9/8/2016 | By Sarah Borchersen-Keto
Real estate companies and funds are showing improvement across all aspects of environmental, social and governance (ESG) performance, according to the 2016 Global Real Estate Sustainability Benchmark (GRESB) Real Estate, Developer and Debt assessments.
“The global real estate sector is working to manage its carbon footprint, build resilience in the face of climate change and respond to more stringent environmental regulations,” said Nils Kok, CEO of GRESB.
According to 2016 GRESB data, 90 percent of property companies and funds reporting to GRESB are integrating carbon management strategies into their investments. These actions have contributed to a 2 percent annual decrease in carbon emissions, according to GRESB, which noted that is the equivalent of taking 704,464 passenger cars off the road.
The data also showed a 1.2 percent reduction in energy consumption and close to a 1 percent reduction in water use. The overall GRESB score, which is a measure of how well ESG issues are integrated into the management and holdings of real estate companies and funds, rose to a level of 60 in 2016 from 54 in 2015.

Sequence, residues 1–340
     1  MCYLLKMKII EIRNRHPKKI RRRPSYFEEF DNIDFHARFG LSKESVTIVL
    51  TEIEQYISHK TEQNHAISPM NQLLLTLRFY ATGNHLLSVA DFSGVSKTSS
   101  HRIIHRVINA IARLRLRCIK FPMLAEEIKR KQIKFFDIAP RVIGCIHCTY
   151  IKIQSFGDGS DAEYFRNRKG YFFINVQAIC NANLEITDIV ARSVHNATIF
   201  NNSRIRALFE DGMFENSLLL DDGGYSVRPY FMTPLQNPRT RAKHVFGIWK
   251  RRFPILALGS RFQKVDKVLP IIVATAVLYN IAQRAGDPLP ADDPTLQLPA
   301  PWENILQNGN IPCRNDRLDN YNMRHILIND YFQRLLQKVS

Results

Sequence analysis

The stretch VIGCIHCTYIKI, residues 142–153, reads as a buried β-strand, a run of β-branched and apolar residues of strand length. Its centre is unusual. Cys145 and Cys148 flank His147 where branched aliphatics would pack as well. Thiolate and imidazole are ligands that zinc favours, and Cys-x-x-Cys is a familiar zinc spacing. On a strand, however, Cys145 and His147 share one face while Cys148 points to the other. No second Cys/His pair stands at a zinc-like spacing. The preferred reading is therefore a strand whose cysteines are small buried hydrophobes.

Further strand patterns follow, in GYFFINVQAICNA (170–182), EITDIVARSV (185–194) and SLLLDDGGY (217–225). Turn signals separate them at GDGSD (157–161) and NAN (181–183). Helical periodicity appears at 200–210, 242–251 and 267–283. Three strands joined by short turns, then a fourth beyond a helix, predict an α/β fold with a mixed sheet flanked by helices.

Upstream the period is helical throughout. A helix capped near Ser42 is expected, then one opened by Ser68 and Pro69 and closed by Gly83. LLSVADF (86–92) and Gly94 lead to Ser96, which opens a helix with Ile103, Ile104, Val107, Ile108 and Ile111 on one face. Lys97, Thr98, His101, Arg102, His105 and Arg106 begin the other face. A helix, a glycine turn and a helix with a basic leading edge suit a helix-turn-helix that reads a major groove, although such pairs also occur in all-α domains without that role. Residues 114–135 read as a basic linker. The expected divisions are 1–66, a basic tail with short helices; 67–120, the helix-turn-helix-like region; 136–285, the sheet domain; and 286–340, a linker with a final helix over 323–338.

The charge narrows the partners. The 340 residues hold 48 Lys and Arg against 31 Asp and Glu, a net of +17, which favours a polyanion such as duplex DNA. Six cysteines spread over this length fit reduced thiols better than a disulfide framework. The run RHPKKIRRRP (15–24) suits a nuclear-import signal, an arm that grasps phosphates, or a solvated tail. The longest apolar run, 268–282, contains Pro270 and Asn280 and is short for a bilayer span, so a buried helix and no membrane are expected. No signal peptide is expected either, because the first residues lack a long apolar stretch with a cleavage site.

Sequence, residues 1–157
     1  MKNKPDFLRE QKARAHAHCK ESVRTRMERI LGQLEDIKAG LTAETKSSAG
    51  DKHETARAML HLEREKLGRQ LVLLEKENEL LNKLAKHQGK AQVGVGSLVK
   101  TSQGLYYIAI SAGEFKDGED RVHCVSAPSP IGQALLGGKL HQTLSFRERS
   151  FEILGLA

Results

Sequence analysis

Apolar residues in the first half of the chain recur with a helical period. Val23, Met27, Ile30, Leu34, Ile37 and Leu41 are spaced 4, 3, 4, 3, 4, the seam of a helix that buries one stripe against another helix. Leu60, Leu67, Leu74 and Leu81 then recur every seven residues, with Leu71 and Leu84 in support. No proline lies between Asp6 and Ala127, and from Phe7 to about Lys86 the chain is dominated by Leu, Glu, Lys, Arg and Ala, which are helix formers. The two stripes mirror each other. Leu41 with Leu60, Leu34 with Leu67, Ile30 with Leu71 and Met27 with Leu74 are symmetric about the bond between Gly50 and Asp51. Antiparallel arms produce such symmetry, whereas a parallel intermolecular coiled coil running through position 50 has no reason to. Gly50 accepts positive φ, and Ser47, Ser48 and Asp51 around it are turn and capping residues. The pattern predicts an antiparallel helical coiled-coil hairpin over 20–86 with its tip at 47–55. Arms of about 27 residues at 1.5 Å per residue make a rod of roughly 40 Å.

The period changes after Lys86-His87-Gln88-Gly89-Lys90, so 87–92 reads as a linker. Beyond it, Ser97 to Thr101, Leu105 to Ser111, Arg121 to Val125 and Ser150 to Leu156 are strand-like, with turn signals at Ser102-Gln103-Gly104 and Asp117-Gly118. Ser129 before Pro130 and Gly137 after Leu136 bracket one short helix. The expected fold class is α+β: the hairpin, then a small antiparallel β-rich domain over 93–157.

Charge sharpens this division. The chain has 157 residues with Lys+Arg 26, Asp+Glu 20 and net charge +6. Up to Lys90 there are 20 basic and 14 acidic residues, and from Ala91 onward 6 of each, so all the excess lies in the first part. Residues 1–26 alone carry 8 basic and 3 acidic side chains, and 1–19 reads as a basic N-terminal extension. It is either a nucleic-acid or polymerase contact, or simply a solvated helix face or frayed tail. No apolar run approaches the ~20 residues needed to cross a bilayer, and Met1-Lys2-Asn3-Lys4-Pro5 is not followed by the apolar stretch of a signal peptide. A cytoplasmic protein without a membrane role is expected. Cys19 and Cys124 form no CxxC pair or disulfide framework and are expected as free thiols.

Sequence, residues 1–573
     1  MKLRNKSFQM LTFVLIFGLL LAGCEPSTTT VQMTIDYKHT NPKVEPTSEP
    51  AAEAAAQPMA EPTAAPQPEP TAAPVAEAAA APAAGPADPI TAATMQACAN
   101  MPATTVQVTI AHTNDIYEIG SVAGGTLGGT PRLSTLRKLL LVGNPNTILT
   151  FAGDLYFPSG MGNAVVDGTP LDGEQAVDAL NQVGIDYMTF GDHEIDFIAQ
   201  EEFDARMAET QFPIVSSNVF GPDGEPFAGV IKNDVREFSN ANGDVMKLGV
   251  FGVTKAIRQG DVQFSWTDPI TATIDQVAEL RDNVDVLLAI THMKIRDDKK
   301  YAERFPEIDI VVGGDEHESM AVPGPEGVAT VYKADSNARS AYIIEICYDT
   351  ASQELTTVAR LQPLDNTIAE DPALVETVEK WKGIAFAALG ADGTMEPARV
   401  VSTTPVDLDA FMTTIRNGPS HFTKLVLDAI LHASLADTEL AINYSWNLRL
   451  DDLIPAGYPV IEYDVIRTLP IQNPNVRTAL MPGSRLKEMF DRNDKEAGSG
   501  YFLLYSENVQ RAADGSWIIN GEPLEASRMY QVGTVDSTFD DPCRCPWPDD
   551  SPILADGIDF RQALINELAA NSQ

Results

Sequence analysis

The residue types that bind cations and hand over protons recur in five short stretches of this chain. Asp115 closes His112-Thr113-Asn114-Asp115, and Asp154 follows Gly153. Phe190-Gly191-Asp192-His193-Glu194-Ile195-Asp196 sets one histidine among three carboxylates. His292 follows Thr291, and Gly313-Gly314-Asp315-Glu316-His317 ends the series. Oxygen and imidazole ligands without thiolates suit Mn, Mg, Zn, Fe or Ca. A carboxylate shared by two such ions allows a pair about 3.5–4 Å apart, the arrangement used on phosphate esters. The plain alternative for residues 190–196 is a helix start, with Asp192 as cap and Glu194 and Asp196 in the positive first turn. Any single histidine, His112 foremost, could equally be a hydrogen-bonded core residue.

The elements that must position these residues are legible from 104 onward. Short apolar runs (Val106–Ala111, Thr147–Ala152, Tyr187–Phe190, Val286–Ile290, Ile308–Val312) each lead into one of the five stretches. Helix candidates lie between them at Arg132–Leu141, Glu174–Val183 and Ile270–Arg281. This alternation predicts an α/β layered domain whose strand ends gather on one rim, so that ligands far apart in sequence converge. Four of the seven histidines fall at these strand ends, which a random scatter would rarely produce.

The findings were based on responses from 759 real estate companies and investment funds, representing more than 66,000 assets across 63 countries with a combined value of $2.8 trillion. In 2016, 18 debt funds participated in the GRESB assessment.
On a regional basis, the average GRESB score of North American companies and funds rose to 59 in 2016 from 54 in 2015.
GRESB named several REITs as sector leaders in their respective industries:
- Kilroy Realty Corp. (NYSE: KRC) was recognized for office listed real estate;
- Macerich (NYSE: MAC) for retail listed real estate;
- Prologis Inc. (NYSE: PLD) for industrial real estate; and
- Equity Residential (NYSE: EQR) for residential listed real estate.
The Australia/New Zealand region had the strongest performance, with an average GRESB score of 74 in 2016, compared with 70 the year before. In Europe, the average GRESB score rose to 60 in 2016 from 56 in 2015.